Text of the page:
Olympic champions must train hard, but the right genes are also essential

(David J. Phillip - AP)
By Laura Hambleton
Special to The Washington Post
Tuesday, February 23, 2010

Speedskater Apolo Anton Ohno trained for the Vancouver Olympics for two years. He sprinted up mountains, lifted weights, ran, biked and skated. He often worked out twice a day, sometimes more. In his first event of the 2010 Games, he won a silver medal.

But as the world heard about the training, dedication and drive that helped him become the most decorated U.S. Winter Olympian, overlooked was a key factor in Ohno's success: his genes. Ohno is a ready-made package for speedskating. His compact body allows him to crouch low to the ice and skate around the rink at top speed.

"His short stature is advantageous for short-track speedskating because the distance he has to travel when he puts his hand on the ice for stability is less than your 6-foot-2-inch guy," said J.P. Hyatt, a Georgetown University assistant professor who studies skeletal muscle adaptations. "His advantage would be taking tight turns."

In a world where victory can be measured in a fraction of a second, what you're born with -- your size, shape, slow- and fast-twitch muscle fibers, lung capacity, size of the heart's left ventricle and running mechanics, for instance -- can be what separates an Olympic athlete from an also-ran.

Consider the genes of swimmer Michael Phelps. During the 2008 Summer Olympics in Beijing, his genetic advantage was plain for all to see: His feet are almost flipperlike at size 14, his hands are huge and he is double-jointed -- attributes that earned him the nicknames (Half-Man Half-Fish and Deep-Sea Frog) for his prowess in the water.

"You can roughly identify body types that will be more advantageous for one discipline than another," said Jay T. Kearney, a performance physiologist and a high-performance director for the U.S. Olympic Committee. "In swimming freestyle or the butterfly, it is advantageous to be tall, to be thin back to front, to have wide hands, great big feet and flexibility."

Or, as Barry Boden, an orthopedic surgeon in Rockville with a specialty in sports medicine, put it: "Genetics is a kind of predictor. Body type does matter. Ninety-five percent of basketball and football players would not be playing if they weren't tall. They'd get selected out."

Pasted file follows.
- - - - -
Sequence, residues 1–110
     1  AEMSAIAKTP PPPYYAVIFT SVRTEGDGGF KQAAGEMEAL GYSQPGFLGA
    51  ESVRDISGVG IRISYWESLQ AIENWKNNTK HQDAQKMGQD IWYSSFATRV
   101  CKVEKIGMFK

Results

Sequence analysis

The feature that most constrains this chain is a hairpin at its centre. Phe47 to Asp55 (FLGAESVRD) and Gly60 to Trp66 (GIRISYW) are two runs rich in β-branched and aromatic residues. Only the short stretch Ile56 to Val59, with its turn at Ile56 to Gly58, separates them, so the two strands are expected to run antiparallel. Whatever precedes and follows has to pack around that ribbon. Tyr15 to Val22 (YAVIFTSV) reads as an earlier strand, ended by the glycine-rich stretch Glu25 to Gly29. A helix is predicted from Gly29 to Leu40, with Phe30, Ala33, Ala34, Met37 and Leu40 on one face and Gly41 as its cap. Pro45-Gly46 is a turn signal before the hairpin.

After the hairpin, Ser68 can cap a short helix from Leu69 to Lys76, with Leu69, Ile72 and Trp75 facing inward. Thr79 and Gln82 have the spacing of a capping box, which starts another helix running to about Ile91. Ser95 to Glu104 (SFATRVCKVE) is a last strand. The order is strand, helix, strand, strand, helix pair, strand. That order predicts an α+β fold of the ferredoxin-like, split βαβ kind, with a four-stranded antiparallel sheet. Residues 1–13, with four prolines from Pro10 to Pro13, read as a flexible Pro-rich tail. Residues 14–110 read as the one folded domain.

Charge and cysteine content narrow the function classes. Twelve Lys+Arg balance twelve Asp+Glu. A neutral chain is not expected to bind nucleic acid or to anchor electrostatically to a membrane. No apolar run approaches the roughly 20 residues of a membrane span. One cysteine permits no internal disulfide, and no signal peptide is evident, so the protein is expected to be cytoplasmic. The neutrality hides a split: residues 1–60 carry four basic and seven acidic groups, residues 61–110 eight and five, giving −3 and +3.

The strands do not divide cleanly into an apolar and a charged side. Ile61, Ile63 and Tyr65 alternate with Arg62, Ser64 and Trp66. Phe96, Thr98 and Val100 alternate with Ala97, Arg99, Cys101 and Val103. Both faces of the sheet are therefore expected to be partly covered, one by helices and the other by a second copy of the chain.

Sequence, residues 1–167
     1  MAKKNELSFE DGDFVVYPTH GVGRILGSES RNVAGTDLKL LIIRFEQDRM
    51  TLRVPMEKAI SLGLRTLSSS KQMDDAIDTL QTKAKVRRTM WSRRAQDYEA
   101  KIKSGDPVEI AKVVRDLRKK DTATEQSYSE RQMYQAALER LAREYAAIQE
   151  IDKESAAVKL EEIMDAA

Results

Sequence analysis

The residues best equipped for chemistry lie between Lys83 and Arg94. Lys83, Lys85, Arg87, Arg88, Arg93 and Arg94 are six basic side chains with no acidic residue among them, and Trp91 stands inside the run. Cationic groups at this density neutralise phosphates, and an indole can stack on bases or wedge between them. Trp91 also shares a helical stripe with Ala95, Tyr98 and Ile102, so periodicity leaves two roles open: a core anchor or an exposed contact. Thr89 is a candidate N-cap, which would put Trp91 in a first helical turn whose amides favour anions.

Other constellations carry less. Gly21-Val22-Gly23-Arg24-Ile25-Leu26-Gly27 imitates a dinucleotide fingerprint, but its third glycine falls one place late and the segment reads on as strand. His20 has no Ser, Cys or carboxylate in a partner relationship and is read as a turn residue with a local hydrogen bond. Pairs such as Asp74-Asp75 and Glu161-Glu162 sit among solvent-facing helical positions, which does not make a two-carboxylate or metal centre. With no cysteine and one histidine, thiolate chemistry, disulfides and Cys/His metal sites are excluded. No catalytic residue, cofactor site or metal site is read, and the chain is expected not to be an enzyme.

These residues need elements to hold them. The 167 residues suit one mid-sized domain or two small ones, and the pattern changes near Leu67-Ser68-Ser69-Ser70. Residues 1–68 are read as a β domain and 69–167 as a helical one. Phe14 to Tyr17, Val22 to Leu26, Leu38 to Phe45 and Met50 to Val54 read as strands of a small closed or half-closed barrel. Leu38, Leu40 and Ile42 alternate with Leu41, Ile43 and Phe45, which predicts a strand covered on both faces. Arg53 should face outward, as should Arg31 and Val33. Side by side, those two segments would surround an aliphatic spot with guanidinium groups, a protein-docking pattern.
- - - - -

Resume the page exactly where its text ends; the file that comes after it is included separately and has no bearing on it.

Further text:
During a recent Georgetown class on physiological adaptation, Hyatt demonstrated the power of genetics. He projected a photo of the Bulgarian-Turkish weightlifter Naim Suleymanoglu, known as the Pocket Hercules. "He was tiny" at less than 5 feet, Hyatt told the class. But "his size was an advantage. He didn't have to move the weights as far as a guy 6-foot-8." . Suleymanoglu won Olympic gold medals in 1988, 1992 and 1996.

Next Hyatt showed a photo of Eric Heiden, who won gold in five speedskating events, from sprints to long distance, in the 1980 Lake Placid Olympics. It's an achievement that has never been repeated.

"Eric Heiden is a freak of nature, in a good way," said Hyatt. He explained that Heiden is blessed with extraordinary genes and very probably an unusual ratio between fast-twitch muscle fiber, which sprinters and speedskaters need for short bursts of speed, and slow-twitch fibers, which don't fatigue easily and are what marathoners and long-distance bikers rely on.

"He was good at both sprinting and long distances. He must have really good aerobic fibers. If I had to make a guess, I think his muscle properties lean toward the aerobic, slow twitch, which gives him stamina. He uses his fast twitch for speed, training them to be more aerobic, and took advantage of his fatigue-resistant slow-twitch fibers. "

Heiden, like other top-flight athletes, made his good physiology better through the right exercise regime. Moreover, his body undoubtedly reacted more productively to intense workouts, increasing its endurance and capabilities more than the average body would, Hyatt said. That's just the luck of your genetic makeup.

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